If this is you, even a little bit, I am thankful you found this article!

The aforementioned work philosophy, unfortunately, can lead employees down a demoralizing path. Working hard and doing all the things you believe will secure your job only secures one thing: your belief that this work ethic is the ticket to continued employment. Performing duties out of fear, threat, or insecurity is not only a downer, but will likely lead to disengagement and burnout.

In your employer’s eyes, an impeccable work ethic does not necessarily equate to job stability. You see, your employer may be under pressure to consider executive directives, headcount, performance reviews, downsizing, and other mandates we can only imagine. Therefore, the best and brightest workers can be overlooked, depending upon criteria set in motion by the employer.

If you are interested in guaranteed job security, you can become a tenured professor (it’s possible with lots of hard work, right?) or a U.S. Supreme Court justice (possible, but not probable).

So, where does that leave you given today’s modern job insecurities?

Employability Vault

It leaves you with the fact that given today’s modern job security, you must be prepared for unemployment. Of course, nobody wants to think about being unemployed. That, my friends, is part of the problem.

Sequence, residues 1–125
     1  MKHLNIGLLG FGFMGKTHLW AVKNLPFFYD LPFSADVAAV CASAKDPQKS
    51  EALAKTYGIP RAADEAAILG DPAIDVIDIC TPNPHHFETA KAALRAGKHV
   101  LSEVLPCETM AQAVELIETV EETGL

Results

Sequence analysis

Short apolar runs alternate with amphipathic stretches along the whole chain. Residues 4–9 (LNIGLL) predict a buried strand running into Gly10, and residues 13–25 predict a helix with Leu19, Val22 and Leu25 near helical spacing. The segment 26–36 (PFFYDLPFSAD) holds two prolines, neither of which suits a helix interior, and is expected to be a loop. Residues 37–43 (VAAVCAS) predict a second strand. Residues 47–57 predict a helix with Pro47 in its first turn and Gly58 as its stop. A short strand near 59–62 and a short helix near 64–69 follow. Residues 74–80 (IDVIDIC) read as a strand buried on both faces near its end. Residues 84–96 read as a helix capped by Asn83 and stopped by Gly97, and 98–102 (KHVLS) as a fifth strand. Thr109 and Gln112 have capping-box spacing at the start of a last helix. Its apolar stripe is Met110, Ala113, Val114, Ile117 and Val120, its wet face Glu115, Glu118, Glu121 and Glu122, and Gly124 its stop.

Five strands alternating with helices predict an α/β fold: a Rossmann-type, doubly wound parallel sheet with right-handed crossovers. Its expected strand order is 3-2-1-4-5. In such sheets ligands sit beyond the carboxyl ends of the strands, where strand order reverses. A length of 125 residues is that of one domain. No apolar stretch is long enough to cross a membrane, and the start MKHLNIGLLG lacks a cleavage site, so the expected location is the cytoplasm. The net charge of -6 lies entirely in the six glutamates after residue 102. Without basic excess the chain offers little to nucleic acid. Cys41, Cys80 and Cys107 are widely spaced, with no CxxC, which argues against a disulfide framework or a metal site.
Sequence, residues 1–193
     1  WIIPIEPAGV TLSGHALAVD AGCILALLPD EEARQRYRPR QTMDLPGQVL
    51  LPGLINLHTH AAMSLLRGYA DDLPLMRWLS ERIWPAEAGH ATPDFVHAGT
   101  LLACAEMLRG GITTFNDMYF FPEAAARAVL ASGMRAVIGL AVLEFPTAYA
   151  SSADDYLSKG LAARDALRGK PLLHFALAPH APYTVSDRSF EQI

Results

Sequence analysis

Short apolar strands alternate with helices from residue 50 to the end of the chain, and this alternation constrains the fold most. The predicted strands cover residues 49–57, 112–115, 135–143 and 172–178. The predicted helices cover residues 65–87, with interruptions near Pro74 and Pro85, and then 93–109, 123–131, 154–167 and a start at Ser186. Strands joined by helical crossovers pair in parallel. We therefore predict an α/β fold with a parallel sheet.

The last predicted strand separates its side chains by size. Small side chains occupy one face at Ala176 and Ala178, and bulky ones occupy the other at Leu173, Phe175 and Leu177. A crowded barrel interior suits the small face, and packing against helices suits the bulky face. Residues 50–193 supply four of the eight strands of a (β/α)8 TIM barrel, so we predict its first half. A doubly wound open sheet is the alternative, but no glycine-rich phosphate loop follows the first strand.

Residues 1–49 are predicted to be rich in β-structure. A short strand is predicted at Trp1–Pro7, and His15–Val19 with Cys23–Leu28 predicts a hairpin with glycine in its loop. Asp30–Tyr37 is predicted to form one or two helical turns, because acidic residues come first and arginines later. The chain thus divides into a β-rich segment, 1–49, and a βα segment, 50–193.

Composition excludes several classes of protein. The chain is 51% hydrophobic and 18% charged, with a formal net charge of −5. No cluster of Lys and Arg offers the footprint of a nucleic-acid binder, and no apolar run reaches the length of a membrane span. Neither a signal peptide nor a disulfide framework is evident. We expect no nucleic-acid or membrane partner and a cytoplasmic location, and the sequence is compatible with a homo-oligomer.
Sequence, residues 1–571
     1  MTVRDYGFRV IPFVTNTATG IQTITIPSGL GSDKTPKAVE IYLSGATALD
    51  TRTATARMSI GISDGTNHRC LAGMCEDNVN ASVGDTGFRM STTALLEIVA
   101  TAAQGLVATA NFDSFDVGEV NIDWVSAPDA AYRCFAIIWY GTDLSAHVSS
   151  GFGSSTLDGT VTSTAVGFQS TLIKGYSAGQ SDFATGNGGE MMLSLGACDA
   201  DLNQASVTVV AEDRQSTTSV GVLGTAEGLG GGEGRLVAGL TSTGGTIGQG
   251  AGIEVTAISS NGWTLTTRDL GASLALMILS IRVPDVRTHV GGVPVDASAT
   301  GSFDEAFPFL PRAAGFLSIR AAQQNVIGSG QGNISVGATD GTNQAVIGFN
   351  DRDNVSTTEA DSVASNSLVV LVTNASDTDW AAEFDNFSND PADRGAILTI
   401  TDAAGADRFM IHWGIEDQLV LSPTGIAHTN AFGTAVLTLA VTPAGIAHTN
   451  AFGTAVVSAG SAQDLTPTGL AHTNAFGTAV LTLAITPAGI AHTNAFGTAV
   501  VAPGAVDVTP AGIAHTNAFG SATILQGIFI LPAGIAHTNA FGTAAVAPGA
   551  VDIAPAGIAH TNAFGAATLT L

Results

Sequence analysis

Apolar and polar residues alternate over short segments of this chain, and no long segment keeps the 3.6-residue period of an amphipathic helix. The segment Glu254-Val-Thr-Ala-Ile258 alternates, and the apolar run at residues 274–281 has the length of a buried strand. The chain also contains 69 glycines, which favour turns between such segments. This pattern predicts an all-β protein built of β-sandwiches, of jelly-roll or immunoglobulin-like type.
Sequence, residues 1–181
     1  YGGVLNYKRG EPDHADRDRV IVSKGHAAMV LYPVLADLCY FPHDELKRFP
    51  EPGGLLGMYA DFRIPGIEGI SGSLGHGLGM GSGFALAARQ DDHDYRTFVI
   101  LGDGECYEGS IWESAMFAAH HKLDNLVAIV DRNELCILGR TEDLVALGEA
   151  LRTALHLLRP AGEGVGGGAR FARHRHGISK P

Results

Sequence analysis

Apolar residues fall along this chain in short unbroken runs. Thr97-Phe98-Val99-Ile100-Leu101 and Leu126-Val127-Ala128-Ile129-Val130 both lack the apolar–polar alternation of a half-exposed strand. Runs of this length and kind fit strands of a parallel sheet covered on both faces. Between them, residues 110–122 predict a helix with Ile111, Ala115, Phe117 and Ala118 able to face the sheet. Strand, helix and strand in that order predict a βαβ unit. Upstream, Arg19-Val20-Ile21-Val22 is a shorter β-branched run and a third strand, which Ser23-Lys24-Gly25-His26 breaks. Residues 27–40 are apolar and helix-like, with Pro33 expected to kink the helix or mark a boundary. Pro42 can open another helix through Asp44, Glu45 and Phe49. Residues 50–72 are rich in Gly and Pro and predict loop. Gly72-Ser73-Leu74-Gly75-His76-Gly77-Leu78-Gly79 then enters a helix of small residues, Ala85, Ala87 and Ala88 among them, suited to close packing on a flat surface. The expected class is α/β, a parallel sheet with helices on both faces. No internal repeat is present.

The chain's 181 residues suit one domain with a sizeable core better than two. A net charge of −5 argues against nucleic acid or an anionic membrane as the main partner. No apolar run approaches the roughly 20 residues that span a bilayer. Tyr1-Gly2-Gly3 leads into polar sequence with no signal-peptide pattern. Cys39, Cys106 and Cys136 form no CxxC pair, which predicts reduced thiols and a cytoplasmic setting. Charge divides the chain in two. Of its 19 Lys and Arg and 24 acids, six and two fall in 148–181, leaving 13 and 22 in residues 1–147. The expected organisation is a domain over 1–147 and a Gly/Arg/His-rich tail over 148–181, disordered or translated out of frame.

Too many people set themselves up for urgent reaction instead of strategic proaction (yes, I just made up that word). For example, do you regularly network with exemplary contacts in your field? Is your resume consistently up to date? Can you depend on three trustworthy sources should you need letters of reference tomorrow? Would your current boss offer glowing remarks about your performance?

Instead of wondering, “how secure is my job,” let us approach this topic from a different angle. The deeper question is not about job security. Rather, a more insightful and useful question is, “How secure am I?”

Companies, bosses, and jobs do not secure you. Employability does. Your ability to become employed at any given time is your safeguard … your ascent … your answer to job insecurity.

Employability assets include your:

  • Hard/soft skills
  • Self-confidence
  • Critical thinking skills
  • Growth mindset
  • Transferable skills